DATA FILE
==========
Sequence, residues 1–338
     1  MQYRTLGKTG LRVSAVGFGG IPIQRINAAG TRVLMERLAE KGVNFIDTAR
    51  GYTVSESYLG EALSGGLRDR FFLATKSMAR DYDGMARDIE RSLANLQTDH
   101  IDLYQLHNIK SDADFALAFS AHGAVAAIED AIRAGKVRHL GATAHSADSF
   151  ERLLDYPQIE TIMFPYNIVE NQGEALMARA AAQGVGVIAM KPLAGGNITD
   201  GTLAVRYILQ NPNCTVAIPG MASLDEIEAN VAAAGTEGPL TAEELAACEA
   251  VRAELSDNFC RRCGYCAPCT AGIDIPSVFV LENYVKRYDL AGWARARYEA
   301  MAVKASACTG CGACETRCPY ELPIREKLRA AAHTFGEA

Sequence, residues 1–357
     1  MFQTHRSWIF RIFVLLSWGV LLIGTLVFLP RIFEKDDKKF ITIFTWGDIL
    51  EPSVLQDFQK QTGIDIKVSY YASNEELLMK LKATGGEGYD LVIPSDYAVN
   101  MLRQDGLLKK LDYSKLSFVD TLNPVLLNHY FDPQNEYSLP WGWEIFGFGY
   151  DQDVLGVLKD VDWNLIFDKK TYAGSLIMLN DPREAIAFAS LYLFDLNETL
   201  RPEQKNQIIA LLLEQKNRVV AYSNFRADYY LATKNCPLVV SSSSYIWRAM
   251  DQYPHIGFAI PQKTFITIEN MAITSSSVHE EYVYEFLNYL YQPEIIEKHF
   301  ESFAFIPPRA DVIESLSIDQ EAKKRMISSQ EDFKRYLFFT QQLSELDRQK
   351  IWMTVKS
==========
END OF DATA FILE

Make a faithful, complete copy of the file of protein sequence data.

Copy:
Sequence, residues 1–338
     1  MQYRTLGKTG LRVSAVGFGG IPIQRINAAG TRVLMERLAE KGVNFIDTAR
    51  GYTVSESYLG EALSGGLRDR FFLATKSMAR DYDGMARDIE RSLANLQTDH
   101  IDLYQLHNIK SDADFALAFS AHGAVAAIED AIRAGKVRHL GATAHSADSF
   151  ERLLDYPQIE TIMFPYNIVE NQGEALMARA AAQGVGVIAM KPLAGGNITD
   201  GTLAVRYILQ NPNCTVAIPG MASLDEIEAN VAAAGTEGPL TAEELAACEA
   251  VRAELSDNFC RRCGYCAPCT AGIDIPSVFV LENYVKRYDL AGWARARYEA
   301  MAVKASACTG CGACETRCPY ELPIREKLRA AAHTFGEA

Sequence, residues 1–357
     1  MFQTHRSWIF RIFVLLSWGV LLIGTLVFLP RIFEKDDKKF ITIFTWGDIL
    51  EPSVLQDFQK QTGIDIKVSY YASNEELLMK LKATGGEGYD LVIPSDYAVN
   101  MLRQDGLLKK LDYSKLSFVD TLNPVLLNHY FDPQNEYSLP WGWEIFGFGY
   151  DQDVLGVLKD VDWNLIFDKK TYAGSLIMLN DPREAIAFAS LYLFDLNETL
   201  RPEQKNQIIA LLLEQKNRVV AYSNFRADYY LATKNCPLVV SSSSYIWRAM
   251  DQYPHIGFAI PQKTFITIEN MAITSSSVHE EYVYEFLNYL YQPEIIEKHF
   301  ESFAFIPPRA DVIESLSIDQ EAKKRMISSQ EDFKRYLFFT QQLSELDRQK
   351  IWMTVKS